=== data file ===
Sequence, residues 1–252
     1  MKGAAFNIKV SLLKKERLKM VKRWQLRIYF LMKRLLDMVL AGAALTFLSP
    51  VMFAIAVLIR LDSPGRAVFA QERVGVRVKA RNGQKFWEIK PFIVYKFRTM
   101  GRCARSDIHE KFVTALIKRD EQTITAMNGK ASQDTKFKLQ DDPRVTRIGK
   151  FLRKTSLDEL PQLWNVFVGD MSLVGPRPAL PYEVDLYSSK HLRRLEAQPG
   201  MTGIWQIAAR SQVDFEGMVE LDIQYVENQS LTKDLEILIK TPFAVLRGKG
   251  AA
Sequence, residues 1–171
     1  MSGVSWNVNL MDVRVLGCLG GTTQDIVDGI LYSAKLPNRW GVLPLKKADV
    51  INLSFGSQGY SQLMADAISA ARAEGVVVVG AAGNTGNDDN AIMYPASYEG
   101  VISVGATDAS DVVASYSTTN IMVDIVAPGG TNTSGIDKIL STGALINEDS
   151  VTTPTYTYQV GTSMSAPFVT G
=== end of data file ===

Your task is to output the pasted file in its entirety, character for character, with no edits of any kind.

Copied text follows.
Sequence, residues 1–252
     1  MKGAAFNIKV SLLKKERLKM VKRWQLRIYF LMKRLLDMVL AGAALTFLSP
    51  VMFAIAVLIR LDSPGRAVFA QERVGVRVKA RNGQKFWEIK PFIVYKFRTM
   101  GRCARSDIHE KFVTALIKRD EQTITAMNGK ASQDTKFKLQ DDPRVTRIGK
   151  FLRKTSLDEL PQLWNVFVGD MSLVGPRPAL PYEVDLYSSK HLRRLEAQPG
   201  MTGIWQIAAR SQVDFEGMVE LDIQYVENQS LTKDLEILIK TPFAVLRGKG
   251  AA
Sequence, residues 1–171
     1  MSGVSWNVNL MDVRVLGCLG GTTQDIVDGI LYSAKLPNRW GVLPLKKADV
    51  INLSFGSQGY SQLMADAISA ARAEGVVVVG AAGNTGNDDN AIMYPASYEG
   101  VISVGATDAS DVVASYSTTN IMVDIVAPGG TNTSGIDKIL STGALINEDS
   151  VTTPTYTYQV GTSMSAPFVT G